“Fake News”

Not long ago, my wife and I were watching a local news broadcast. It covered a meeting that was held locally, which my wife attended in person, concerning a topic many find to be relevant. When she watched the news coverage, she was angered that it did not reflect her experience with the meeting– only certain people were interviewed, and the report was very much presented from a particular and abbreviated point of view.

The news media communicates with what seems to be an “objective” voice. If a report or story is not called an “editorial”, then it is to be taken as truth.

Yet, increasingly, I wonder, what is truth? What is objective? Can we know and trust what we hear?

The schizophrenic is asked to throw doubt towards their impressions and hallucinations, in order to deduce what is healthy and true. Sadly, I feel that we find ourselves in a state as an entire society that we must do the same.

Paranoid, perhaps, of me, but I suspect that the main movements and tidings on a global scale have been largely shrouded in secrecy for decades. Few people know the “actual” truth– I feel that we are not meant to know, not trusted to, as citizens– sane or mentally ill. I write this, not really being into conspiracy theories, as I find most of them to be false.

The question remains– who makes a claim to an objective voice? Many have tried, many have made that claim. How many have achieved this with due sincerity?

Has The World Gone Crazy?

Looking around at the world today, events in the news, and so forth, a person might wonder, “Has the world gone crazy?”

Well, from my point of view, I would say there is good and bad. On a positive note, the world will never consider itself insane– the majority of people will always accept their own perspective(s) as being real and legitimate. I believe that mental illness will continue to be perceived as a peripheral phenomenon– that schizophrenics, for example, will be seen as sick or maladjusted, at least to some degree. Reality is somewhat democratic. It will be defined by what most people suggest, and therefore what most suggest will be construed as being healthy.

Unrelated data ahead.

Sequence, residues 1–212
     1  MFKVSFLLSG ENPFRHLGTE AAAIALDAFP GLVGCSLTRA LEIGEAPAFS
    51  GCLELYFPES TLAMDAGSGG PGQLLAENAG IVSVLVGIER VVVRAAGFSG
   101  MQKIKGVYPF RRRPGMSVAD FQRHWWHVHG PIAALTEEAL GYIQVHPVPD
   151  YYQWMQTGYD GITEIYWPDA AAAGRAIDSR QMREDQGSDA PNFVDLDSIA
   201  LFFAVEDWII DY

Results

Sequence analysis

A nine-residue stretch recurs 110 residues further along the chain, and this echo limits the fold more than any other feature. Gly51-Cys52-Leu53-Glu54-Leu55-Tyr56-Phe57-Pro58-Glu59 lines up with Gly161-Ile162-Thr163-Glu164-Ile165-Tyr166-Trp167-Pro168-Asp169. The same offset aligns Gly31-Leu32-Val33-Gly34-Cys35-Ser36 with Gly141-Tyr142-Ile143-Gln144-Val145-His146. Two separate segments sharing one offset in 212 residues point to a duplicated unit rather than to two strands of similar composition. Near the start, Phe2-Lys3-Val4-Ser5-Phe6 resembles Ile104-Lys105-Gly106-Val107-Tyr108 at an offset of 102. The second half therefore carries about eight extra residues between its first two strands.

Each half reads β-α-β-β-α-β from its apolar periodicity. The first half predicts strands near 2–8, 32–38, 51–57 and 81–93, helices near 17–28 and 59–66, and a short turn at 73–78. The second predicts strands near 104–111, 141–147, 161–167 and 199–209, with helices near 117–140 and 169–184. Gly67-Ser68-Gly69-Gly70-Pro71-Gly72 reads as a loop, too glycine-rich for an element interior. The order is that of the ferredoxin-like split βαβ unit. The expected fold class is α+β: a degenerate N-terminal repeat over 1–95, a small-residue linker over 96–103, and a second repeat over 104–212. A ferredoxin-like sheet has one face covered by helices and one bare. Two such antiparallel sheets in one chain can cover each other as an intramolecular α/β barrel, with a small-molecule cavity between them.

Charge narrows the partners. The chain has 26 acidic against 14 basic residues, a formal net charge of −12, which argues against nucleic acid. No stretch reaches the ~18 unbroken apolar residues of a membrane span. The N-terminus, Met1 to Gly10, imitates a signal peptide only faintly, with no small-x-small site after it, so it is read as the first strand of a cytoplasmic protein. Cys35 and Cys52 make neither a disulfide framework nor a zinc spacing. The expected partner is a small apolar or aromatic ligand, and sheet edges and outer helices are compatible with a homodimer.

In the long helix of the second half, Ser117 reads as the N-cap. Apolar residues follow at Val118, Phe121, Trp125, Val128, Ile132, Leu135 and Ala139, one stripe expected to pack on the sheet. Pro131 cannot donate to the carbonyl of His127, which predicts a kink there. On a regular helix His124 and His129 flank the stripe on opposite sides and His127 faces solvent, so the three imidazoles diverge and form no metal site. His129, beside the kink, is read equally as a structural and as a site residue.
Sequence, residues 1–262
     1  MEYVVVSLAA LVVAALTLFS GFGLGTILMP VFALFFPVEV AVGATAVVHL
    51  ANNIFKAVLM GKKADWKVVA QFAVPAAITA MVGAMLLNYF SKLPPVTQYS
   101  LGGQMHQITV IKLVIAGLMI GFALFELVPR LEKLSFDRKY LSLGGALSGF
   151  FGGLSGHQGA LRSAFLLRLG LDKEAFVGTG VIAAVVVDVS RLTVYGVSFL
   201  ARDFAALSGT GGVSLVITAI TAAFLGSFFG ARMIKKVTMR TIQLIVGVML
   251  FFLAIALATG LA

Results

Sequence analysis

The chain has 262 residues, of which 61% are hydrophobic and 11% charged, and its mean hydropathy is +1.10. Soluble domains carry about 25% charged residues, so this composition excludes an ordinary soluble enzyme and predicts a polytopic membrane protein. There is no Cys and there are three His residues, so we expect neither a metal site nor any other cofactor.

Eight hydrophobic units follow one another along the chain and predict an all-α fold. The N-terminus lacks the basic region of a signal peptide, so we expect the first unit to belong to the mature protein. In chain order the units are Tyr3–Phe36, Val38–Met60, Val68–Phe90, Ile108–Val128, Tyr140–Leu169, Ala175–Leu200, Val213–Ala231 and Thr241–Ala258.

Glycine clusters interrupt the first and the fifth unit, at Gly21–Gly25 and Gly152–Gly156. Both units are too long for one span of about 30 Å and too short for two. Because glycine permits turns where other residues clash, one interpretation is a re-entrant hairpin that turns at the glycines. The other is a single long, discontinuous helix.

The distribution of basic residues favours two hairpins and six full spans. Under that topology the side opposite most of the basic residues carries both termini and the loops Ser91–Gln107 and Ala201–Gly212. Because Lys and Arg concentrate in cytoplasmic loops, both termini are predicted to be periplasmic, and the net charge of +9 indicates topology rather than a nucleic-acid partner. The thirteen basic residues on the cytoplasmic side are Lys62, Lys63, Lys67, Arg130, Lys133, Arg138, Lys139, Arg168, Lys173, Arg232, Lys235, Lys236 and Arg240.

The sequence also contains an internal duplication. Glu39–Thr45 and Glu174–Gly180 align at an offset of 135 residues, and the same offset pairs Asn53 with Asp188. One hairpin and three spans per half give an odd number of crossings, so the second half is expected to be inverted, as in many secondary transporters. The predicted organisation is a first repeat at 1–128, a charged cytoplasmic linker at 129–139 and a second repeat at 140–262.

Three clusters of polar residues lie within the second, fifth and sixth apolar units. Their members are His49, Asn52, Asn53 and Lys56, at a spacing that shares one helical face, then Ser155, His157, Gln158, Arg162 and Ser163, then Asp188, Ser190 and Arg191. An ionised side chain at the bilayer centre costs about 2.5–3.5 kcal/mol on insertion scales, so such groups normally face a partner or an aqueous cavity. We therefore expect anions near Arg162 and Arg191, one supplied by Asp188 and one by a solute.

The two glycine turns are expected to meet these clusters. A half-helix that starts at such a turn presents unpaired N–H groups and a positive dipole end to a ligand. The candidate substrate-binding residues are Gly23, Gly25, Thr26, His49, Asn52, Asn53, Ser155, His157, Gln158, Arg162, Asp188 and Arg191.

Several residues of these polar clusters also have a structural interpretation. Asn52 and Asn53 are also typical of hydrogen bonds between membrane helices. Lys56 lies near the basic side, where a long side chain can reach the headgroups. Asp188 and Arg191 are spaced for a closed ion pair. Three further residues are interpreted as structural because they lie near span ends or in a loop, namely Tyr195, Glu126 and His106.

On the other hand, the bad– modernity, with its accelerating pace, frightening feedback loops and other phenomena, may indeed be stressful and challenging enough that it is causing “normal” people to increasingly have symptoms of mental illness. At this point, it seems that there are more people in therapy than out, and it is suggested that anti-depressants and related medications are so prevalent that they have started to pollute our drinking water. Stress is a killer, and few are exempt from it– those who are seem not to grasp things.

So, paradoxically, the world is not going crazy. But it seems like a lot of the people in it are beginning to act crazy themselves.

Time, Perspective, Madness

I once borrowed a friend’s copy of Habermas’ The Philosophical Discourse Of Modernity (1985)— a book of contemporary philosophy. I was a literature major, not philosophy, and I really struggled with the book. But there were a few ideas that resonated with me.

One was that of a modern reality of time. Habermas puts forward the notion of “Jetzeit”. The idea is that time moves in a particular manner, as experienced by people, in this modern world. We generally encounter a kind of “low” or “empty” time- filled with everyday commerce, interactions and events. On occasion, we come to experience a “sacred” or “holy” time– our profane lives are punctuated by these kinds of Messianic interventions.